Benz: Jeremy, thank you.
Glaser: For Morningstar, I'm Jeremy Glaser. Thanks for watching.
Christine Benz: Hi, I'm Christine Benz for Morningstar.com. Many Vanguard funds are large and getting larger, but a handful of the firm's funds are still relatively small. Joining me to discuss some of the better ones is Russ Kinnel. He is director of manager research for Morningstar.
Russ, thank you so much for being here.
Russ Kinnel: Glad to be here.
Benz: We've been observing this Vanguard juggernaut where it seems like every time we talk about fund flows, we see more and more flows going to Vanguard funds. But there are a small handful of funds that haven't yet accumulated a lot in assets. You took a look at medalist funds that don't have huge asset bases at this point. All of the funds that you pulled actually have asset bases of less than $3 billion. I want to talk about some of them with you, Russ.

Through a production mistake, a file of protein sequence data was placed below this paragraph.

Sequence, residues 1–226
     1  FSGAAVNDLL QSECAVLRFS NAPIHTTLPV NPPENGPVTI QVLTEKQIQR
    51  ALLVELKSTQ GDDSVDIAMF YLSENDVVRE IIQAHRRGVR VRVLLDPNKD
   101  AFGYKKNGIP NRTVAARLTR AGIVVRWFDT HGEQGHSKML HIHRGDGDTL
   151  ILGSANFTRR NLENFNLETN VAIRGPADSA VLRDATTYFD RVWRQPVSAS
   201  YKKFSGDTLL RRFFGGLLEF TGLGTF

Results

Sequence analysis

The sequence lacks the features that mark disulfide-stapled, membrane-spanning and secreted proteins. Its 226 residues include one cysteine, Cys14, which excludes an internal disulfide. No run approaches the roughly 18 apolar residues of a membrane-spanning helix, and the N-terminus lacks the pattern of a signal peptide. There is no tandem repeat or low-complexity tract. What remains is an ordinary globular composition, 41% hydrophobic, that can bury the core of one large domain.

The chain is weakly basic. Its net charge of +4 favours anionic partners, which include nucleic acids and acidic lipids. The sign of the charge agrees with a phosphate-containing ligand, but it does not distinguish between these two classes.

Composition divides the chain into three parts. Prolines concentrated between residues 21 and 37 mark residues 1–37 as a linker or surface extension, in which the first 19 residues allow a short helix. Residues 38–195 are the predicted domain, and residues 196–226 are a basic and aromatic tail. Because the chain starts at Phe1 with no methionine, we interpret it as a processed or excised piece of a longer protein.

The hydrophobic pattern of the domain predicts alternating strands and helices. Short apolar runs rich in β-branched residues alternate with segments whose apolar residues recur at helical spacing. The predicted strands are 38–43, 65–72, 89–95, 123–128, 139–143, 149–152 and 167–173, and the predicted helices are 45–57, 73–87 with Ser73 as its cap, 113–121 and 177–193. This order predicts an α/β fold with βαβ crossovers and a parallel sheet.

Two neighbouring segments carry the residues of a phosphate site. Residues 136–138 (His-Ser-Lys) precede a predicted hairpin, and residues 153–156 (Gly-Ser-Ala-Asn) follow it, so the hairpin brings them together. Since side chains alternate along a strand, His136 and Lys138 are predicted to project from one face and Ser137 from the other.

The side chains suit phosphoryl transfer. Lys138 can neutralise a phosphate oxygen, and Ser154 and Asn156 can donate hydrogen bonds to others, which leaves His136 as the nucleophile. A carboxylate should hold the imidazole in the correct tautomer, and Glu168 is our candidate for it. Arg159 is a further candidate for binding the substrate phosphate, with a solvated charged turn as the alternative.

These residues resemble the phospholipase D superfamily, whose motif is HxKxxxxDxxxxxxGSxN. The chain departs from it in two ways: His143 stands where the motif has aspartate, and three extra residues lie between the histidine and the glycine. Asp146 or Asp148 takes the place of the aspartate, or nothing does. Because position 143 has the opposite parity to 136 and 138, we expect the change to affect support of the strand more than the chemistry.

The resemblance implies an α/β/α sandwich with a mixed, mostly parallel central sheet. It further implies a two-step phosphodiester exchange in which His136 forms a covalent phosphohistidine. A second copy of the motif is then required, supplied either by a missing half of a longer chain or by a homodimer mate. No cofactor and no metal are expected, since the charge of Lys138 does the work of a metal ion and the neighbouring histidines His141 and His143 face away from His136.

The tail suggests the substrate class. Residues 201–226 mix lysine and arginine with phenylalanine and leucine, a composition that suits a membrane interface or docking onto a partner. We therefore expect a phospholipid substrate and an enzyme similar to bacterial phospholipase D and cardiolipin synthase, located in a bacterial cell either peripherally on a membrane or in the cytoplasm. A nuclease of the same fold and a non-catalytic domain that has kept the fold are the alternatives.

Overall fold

The first is Vanguard International Dividend Appreciation. I think a lot of our viewers are probably familiar with Vanguard Dividend Appreciation, the U.S. equity version; this is an international spin on the same general idea, right?
Kinnel: That's right. This fund was launched about two years ago and so far, it hasn't taken off the way the U.S. version has. It really has a lot of the same characteristics. They look for companies that have paid rising dividends seven years in a row. It's a large-cap index, obviously, with a nice yield, very low cost despite it still being a pretty small fund. It's got a lot of promise. So far, performance has been nothing special, nut it's only two years out of the gate and it's an index fund. I'm not too worried about that part of it.